Maintaining India’s fleet of more than 230 aging Cheetah and Chetak reconnaissance and surveillance helicopters is turning into a nightmare due to unavailability of spares, according to K.C. Nanda, general manager of Hindustan Aeronautics Ltd’s Barrackpore Division, who sounded the warning at a defense conference held in Kolkata in August. HAL built both the Cheetah and the Chetak under license from Eurocopter.
Hindustan Aeronautics Limited
The Indian Navy has issued a request for proposal (RFP) for 56 light utility helicopters (LUH) to eight OEMs, including government-owned Hindustan Aeronautics (HAL). Submissions are due by January 7 next year, with the winner expected to enter service in 2016.
The navy wants to replace its fleet of HAL Chetak helicopters, a license-built version of the Alouette III. Of the 85 Chetaks that the navy received up to 2002, approximately 60 remain in service. In addition, the coast guard operates 17.
As Indian companies strive to ascend the aerospace engineering value chain, they have big ambitions to build partnerships and tap defense offsets at various stages of product development. These include design, analysis, optimization and validation, virtual prototyping and testing, digital manufacturing, product data management and technical publications.
A requirement for a military transport to replace 56 HS.748 twin turboprops operated by the Indian Air Force (IAF) is raising procedural problems for potential bidders. India released a Request for Information last December inviting OEMs to bid only if they could find private Indian partners. But candidate Indian companies are reluctant to commit to the project.
India’s Hindustan Aeronautics (HAL) has signed a contract with Russia’s United Aircraft Corp Transport Aircraft (UAC-TA) to co-develop the 15- to 20-metric-ton-payload multirole transport aircraft (MTA). The pair formed a joint venture, Multirole Transport Aircraft Ltd, in 2010, following an inter-governmental agreement three years earlier.
Pilatus Aircraft confirmed that the Indian Air Force (IAF) has chosen the Pilatus PC-7 Mk II as its new basic trainer. The Swiss company values the contract, signed on May 24, at more than $525 million. It includes 75 aircraft, an integrated ground-based training system and logistics support. Deliveries will begin in the last quarter of this year.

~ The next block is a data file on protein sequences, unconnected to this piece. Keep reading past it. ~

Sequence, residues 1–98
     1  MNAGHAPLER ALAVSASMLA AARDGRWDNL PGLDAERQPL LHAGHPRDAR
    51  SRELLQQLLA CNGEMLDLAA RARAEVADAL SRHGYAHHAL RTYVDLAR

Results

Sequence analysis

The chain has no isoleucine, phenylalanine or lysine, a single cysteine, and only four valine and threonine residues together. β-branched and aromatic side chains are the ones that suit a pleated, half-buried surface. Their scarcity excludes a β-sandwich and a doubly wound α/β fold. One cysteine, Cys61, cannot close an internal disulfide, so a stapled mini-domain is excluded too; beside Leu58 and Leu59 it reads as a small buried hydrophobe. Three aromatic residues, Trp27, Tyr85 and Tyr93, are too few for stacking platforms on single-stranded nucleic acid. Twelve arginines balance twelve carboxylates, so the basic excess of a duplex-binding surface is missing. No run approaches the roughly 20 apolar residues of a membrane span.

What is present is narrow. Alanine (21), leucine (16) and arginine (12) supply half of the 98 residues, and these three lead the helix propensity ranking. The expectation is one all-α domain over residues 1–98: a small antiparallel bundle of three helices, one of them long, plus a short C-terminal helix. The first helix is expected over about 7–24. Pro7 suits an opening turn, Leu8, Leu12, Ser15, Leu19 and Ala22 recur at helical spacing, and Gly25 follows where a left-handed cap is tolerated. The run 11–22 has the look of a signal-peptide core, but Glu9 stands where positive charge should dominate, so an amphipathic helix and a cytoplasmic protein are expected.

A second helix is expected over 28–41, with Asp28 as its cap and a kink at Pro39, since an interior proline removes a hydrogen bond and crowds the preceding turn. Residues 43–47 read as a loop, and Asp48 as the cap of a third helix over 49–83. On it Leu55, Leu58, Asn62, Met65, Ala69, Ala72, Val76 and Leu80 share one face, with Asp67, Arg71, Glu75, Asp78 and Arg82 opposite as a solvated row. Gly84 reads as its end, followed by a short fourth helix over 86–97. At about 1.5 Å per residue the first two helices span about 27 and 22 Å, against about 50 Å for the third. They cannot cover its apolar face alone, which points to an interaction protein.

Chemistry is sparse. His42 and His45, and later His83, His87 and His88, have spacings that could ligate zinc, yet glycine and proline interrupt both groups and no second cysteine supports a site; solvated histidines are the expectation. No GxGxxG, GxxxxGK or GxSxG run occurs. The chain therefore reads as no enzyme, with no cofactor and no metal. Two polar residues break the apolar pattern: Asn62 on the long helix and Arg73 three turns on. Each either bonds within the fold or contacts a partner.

The joint Indo-Russian project to produce a fifth-generation fighter aircraft (FGFA) for the Indian Air Force is facing a two-year delay. It will now take nine years instead of the stipulated seven to develop. The Indian Air Force attributes the delay to Hindustan Aeronautics (HAL), which has a workshare of 25 percent in the program.
India’s big-ticket military acquisitions are expected to aggressively push schedules for the transfer of production to the country’s ambitious aerospace and defense industry. But the technology that India expects to be transferred through co-development work generated by offset agreements is raising concerns among vendors about possible violations of intellectual property rights (IPR).
Few coompanies can lay claim to having as many as 10 aircraft planned or under development simultaneously, but India’s state-owned Hindustan Aeronautics Ltd. (HAL) is doing just that. However, while the Bangalore-based group’s ambitions may be laudable, it remains to be seen how it will face the formidable challenges of its current and planned projects.
Ruag Aerospace Services is here at NBAA ‘11, exhibiting on the Henderson Executive Airport static display line with an example of something sort of old and something quite new, the “New Generation” Dornier DO 228NG multi-mission turboprop twin.